Optic nerve damage and regeneration failure are major features of glaucoma, inherited and traumatic optic neuropathies, and other blinding diseases. Developing strategies to promote anatomical regeneration and functional re-connection of injured optic nerve has been a long-standing challenge. By using an intraorbital optic nerve injury model in adult mice, we discovered that conditional deletion of SOCS3 and PTEN/TSC1 in RGCs promotes significant neuronal survival and axon regeneration. Our further studies suggested mTOR as a critical mediator of axon regeneration after PTEN/TSC1 deletion, likely by controlling the ability of injured neurons to synthesize materials for axon growth. On the other side, our data suggested that axon regeneration after SOCS3 deletion depends on gp130 signaling. In this proposal, we will address the following questions: First, what is the effector of SOCS deletion in promoting neuronal survival and axon regeneration and whether SOCS3 is the only key negative regulator? Second, do SOCS3-dependent and PTEN/TSC1-dependent pathways interact? Third, are regenerating axons able to find their pathway and mediate functional recovery? We expect that these experiments will provide important insights into the understanding the mechanisms of optic axon regeneration and the development of neural repair therapeutics.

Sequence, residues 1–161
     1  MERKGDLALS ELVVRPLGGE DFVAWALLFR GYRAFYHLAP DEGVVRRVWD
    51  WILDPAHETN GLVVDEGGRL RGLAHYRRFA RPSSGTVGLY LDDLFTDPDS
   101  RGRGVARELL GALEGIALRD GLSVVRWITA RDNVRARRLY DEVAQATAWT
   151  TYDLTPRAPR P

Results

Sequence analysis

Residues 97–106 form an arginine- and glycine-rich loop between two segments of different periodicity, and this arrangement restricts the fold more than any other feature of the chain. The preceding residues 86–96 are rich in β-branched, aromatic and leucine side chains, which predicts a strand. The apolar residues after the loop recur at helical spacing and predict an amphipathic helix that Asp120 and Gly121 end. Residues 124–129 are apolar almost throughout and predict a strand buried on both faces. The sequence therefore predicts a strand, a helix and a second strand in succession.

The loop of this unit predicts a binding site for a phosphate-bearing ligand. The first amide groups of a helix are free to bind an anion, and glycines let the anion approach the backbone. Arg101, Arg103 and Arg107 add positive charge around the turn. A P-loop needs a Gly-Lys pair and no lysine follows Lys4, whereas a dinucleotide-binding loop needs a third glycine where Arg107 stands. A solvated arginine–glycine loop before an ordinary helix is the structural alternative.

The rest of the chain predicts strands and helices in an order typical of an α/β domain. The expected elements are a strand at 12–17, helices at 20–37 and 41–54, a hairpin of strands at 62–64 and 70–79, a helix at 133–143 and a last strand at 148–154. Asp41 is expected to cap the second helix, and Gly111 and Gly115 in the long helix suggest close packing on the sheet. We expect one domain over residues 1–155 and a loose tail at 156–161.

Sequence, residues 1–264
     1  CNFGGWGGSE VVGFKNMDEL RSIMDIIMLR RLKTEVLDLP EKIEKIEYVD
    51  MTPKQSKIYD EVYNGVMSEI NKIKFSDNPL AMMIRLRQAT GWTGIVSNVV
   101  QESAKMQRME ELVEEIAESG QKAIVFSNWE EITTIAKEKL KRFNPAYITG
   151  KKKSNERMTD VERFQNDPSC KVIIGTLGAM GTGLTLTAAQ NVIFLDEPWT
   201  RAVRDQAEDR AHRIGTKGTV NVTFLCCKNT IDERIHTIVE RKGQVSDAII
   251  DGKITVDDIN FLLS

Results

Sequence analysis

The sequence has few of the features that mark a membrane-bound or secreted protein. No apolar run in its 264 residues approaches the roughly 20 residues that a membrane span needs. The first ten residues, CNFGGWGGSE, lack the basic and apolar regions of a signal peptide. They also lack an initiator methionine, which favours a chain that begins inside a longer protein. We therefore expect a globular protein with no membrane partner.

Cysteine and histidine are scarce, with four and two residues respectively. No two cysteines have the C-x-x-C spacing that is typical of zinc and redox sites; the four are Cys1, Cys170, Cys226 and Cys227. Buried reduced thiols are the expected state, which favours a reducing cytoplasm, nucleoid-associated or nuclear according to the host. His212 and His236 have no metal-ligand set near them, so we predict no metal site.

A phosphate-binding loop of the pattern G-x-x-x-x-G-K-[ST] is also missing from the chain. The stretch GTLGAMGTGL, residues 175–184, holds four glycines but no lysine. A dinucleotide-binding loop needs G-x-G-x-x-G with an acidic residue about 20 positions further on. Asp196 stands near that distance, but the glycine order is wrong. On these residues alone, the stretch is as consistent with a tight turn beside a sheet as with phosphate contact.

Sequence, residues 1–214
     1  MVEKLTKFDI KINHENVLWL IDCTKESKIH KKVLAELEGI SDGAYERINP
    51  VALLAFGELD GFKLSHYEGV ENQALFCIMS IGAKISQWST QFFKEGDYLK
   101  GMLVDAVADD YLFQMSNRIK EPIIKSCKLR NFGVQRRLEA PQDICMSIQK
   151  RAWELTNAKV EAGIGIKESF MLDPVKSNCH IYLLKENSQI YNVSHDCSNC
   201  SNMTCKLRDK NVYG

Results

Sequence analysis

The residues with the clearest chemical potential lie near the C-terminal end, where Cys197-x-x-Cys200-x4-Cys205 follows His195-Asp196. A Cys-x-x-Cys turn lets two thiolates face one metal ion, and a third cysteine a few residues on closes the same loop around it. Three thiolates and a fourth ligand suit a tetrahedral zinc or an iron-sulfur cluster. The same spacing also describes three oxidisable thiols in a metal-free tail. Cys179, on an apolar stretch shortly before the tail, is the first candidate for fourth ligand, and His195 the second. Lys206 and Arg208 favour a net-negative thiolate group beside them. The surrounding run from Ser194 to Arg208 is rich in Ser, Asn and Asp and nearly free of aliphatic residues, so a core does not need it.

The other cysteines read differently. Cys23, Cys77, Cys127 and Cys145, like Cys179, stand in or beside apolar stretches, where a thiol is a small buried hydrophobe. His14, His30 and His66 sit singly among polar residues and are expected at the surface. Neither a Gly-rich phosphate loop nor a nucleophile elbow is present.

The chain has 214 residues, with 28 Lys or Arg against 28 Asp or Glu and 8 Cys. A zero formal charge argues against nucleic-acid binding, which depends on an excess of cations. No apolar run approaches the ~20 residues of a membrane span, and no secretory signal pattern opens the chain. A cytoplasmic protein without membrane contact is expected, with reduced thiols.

Public Health Relevance

Optic nerve damage and regeneration failure are major features of glaucoma, inherited and traumatic optic neuropathies, and other blinding diseases. Developing strategies to promote anatomical regeneration and functional re-connection of injured optic nerve has been a long-standing challenge. By AAV-Cre-assisted conditional knockout of floxed mouse genes, we recently made an exciting discovery that deletion of SOCS3 (suppressor of cytokine signaling 3) in adult retinal ganglion cells (RGCs) enables robust long-distance axon regeneration after intraorbital optic nerve injuries, revealing a potentially important signaling pathway in regulating axon regenerative ability of mature CNS neurons. The objectives of this proposed study are two-folds: to determine the underlying mechanisms permitting axon regeneration in SOCS3-deleted neurons and to assess whether the regenerating axons could find the normal projection pathway and re-form synaptic connections with their central targets.

Agency
National Institute of Health (NIH)
Institute
National Eye Institute (NEI)
Type
Research Project (R01)
Project #
5R01EY021526-03
Application #
8460900
Study Section
Neurodifferentiation, Plasticity, and Regeneration Study Section (NDPR)
Program Officer
Chin, Hemin R
Project Start
2011-05-01
Project End
2016-04-30
Budget Start
2013-05-01
Budget End
2014-04-30
Support Year
3
Fiscal Year
2013
Total Cost
$413,250
Indirect Cost
$175,750
Name
Children's Hospital Boston
Department
Type
DUNS #
076593722
City
Boston
State
MA
Country
United States
Zip Code
02115
O'Donovan, Kevin J; Ma, Kaijie; Guo, Hengchang et al. (2014) B-RAF kinase drives developmental axon growth and promotes axon regeneration in the injured mature CNS. J Exp Med 211:801-14
Belin, Stephane; Norsworthy, Michael; He, Zhigang (2014) Independent control of aging and axon regeneration. Cell Metab 19:354-6